Washington, DC Police union to block broadcast of body camera footage


WASHINGTON (Reuters) – The Washington, DC Police Union said Monday it had asked a court to block the mandatory release of body camera images and the names of officers involved in the shootings.

FILE PHOTO: A Washington DC Metropolitan Police officer walks past an umbrella reading: “Defund Police” on the steps of a city government building, during events marking Juneteenth that commemorates the end of the slavery in Texas, two years after the release of the 1863 Emancipation Proclamation of Slaves elsewhere in the United States, amid nationwide protests against racial inequality, near the White House in Washington, DC, United States, on June 19, 2020. REUTERS / Tom Brenner / File Photo

The Federal District passed a police reform bill in July after weeks of protests in the nation’s capital and across the world against systemic racism and police brutality, sparked by the murder of African American George Floyd by a policeman in Minneapolis.

Floyd’s death, along with other high-profile incidents of police brutality, have led three dozen states to introduce initiatives to change or study the police, according to here at the National Conference of State Legislative Assemblies.

Washington’s emergency law requires the Metropolitan Police Department to publish the names of officers and body camera images within five days of a shooting involving an officer or the use of serious force, among other measures.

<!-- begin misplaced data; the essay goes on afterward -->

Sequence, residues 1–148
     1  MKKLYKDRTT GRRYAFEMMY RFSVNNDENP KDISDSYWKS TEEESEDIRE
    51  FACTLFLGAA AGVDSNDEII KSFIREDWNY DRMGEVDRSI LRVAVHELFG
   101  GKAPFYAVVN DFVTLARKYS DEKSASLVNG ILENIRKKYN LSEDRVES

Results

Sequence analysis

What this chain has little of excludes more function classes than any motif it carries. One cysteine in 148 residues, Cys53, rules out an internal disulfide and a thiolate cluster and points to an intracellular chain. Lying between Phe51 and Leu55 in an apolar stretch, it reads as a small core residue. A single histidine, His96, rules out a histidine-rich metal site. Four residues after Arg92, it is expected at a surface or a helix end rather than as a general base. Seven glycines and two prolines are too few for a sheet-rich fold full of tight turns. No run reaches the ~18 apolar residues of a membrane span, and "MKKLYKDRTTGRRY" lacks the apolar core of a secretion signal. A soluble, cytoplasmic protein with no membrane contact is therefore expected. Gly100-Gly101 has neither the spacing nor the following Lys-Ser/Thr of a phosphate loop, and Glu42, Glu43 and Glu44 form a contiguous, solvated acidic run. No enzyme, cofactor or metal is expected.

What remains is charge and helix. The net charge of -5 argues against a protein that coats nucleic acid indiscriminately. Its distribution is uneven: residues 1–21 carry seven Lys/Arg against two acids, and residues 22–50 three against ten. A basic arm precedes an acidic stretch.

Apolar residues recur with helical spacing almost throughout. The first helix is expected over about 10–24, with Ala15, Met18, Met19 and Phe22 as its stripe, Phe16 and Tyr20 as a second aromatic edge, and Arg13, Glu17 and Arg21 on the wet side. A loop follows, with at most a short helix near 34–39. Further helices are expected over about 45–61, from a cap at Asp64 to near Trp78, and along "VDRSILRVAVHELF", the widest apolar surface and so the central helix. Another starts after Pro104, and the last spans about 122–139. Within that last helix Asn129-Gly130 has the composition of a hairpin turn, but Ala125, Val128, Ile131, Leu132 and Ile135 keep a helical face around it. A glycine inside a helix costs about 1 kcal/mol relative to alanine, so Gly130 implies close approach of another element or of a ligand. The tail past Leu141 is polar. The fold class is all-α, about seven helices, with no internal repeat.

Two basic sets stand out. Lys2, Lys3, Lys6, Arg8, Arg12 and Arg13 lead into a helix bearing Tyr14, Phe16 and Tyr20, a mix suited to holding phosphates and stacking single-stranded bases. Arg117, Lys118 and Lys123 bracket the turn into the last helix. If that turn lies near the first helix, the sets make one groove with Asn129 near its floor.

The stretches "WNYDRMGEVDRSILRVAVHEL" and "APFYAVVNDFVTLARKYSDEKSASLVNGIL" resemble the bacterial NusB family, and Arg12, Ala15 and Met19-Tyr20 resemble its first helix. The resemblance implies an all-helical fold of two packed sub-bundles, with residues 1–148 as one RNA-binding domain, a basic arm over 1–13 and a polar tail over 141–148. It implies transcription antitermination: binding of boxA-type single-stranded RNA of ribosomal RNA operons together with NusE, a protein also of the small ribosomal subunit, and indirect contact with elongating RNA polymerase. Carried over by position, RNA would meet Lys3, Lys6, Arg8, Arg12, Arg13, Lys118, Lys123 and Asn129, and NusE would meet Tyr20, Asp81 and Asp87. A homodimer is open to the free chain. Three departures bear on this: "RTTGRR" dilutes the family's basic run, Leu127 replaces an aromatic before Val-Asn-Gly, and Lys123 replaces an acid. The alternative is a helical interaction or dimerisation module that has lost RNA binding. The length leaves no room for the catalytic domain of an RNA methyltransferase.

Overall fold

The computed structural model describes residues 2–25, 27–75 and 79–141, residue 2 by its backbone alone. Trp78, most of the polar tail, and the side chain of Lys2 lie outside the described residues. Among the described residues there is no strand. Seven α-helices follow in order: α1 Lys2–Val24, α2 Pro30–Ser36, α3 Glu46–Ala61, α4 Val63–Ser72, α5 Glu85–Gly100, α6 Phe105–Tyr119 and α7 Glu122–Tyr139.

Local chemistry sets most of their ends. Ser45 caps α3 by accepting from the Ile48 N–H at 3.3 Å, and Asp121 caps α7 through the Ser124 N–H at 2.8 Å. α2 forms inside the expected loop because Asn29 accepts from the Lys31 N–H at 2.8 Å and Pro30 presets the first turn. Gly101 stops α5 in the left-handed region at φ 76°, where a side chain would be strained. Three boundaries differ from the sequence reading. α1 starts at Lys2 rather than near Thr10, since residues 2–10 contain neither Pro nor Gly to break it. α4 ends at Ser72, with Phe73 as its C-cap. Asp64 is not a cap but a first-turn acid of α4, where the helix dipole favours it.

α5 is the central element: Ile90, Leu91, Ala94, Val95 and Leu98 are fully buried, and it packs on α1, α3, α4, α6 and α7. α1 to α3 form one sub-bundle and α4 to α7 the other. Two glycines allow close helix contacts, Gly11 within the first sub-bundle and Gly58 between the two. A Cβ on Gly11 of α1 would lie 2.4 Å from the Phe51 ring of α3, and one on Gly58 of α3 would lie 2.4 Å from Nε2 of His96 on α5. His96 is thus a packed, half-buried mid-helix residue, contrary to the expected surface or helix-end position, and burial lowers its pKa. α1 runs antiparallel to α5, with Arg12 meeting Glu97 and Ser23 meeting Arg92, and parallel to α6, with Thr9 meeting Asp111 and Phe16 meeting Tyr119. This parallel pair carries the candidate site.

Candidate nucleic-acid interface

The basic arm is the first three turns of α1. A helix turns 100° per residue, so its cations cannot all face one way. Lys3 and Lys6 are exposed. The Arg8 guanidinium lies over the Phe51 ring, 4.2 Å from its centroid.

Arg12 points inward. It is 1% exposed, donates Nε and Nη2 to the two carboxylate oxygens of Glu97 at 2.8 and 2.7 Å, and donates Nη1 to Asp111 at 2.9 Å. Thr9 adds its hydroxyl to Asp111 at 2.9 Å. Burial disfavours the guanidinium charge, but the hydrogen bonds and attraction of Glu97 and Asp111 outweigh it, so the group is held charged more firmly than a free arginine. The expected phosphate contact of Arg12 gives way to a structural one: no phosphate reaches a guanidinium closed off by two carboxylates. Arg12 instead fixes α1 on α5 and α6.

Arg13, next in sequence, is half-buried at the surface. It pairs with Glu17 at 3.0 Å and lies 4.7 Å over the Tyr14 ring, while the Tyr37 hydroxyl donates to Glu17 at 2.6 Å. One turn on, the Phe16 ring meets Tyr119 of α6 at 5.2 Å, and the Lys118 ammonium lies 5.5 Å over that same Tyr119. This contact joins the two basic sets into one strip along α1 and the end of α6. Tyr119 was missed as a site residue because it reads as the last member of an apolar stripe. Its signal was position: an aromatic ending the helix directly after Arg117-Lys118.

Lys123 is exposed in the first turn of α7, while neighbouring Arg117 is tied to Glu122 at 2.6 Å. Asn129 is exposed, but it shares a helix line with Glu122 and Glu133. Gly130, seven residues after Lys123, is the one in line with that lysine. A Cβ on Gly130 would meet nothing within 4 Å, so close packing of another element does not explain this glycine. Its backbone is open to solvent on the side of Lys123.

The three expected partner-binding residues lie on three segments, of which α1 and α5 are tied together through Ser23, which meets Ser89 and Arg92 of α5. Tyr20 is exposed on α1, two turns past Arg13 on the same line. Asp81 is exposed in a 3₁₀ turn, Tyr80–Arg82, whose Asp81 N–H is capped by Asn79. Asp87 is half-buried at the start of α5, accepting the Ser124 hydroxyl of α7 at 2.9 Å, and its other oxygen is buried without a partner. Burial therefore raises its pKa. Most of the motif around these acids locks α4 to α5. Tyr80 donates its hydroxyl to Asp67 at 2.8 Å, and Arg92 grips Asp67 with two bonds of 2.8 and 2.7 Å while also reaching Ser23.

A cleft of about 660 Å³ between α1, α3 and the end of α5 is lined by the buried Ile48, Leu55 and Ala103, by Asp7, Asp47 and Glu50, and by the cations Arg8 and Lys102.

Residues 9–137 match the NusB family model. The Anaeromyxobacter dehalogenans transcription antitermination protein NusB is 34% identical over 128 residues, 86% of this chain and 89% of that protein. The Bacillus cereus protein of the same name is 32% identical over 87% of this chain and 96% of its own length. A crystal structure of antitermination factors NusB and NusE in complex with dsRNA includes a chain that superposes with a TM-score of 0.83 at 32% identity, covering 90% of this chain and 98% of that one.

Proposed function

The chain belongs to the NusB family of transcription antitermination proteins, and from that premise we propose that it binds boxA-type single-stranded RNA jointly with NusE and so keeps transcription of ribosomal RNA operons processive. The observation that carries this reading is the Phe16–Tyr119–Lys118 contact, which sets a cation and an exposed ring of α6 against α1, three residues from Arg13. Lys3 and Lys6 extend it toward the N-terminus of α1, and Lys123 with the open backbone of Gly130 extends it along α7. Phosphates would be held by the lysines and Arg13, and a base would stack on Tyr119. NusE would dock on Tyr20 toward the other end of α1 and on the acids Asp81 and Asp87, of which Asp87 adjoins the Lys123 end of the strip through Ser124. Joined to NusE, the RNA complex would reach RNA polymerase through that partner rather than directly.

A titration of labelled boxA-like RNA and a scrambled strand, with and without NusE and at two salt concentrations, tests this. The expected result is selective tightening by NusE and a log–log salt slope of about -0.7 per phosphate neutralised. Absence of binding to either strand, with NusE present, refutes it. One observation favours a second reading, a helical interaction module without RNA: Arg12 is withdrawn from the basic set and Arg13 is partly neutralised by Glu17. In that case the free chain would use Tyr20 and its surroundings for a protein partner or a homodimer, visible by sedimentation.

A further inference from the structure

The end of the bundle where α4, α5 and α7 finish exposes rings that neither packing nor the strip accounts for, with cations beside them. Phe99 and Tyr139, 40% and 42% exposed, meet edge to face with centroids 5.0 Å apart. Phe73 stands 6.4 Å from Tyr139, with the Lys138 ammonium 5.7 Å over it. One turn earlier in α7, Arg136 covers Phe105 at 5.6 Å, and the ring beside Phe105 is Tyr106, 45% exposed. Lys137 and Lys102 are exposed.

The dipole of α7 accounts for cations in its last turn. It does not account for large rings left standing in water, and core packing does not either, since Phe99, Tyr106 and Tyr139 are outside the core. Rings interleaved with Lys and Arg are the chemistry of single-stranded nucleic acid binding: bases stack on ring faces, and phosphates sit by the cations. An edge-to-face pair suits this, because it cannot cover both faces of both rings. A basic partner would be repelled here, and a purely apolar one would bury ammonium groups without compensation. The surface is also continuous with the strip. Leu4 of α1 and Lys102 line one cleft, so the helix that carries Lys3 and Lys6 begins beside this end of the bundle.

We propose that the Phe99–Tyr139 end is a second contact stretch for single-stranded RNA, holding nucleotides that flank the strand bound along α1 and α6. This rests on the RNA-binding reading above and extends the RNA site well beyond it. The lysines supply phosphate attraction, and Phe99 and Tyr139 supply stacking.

Recordings of previous incidents, dating back to the start of the body camera program in October 2014, were due to be released by August 15. The police union argued in its court file, filed on August 7, that disclosure of the recordings could damage the officers’ reputation.

“The dissemination of body camera footage and officers’ names will unfairly defame and permanently tarnish the reputation and good standing of any officer who will subsequently be cleared of misconduct relating to the use of force,” the union said. in a press release.

National data on police discipline is limited. A Reuters investigation here found that many union police contracts require disciplinary files to remain confidential or erased and make it difficult for citizens to lodge complaints.

Experts have said body-worn cameras or images of spectators may increase the likelihood of police misconduct attention or discipline. [L1N2DO0YI]

On July 31, Washington Mayor Muriel Bowser released footage related to the murders in three deaths involving officers.

The mayor’s office did not respond to a request for comment. The district attorney general’s office declined to comment.

Arthur Spitzer, senior attorney for the American Civil Liberties Union in Washington, said the organization agreed with the union that there was a right to privacy, but said it didn’t matter. did not apply to shots involving officers. He noted that some of the issues the union has raised with the law are already being addressed with some checks.

“We do not believe that the identity of a law enforcement officer who engages in official conduct is a matter of sensitive personal information,” Spitzer said.

The union’s latest move follows a separate lawsuit it filed, which argued that the part of the reform law that denied it the right to negotiate with management over member discipline was unconstitutional.

Report by Makini Brice; Editing by Heather Timmons and Dan Grebler

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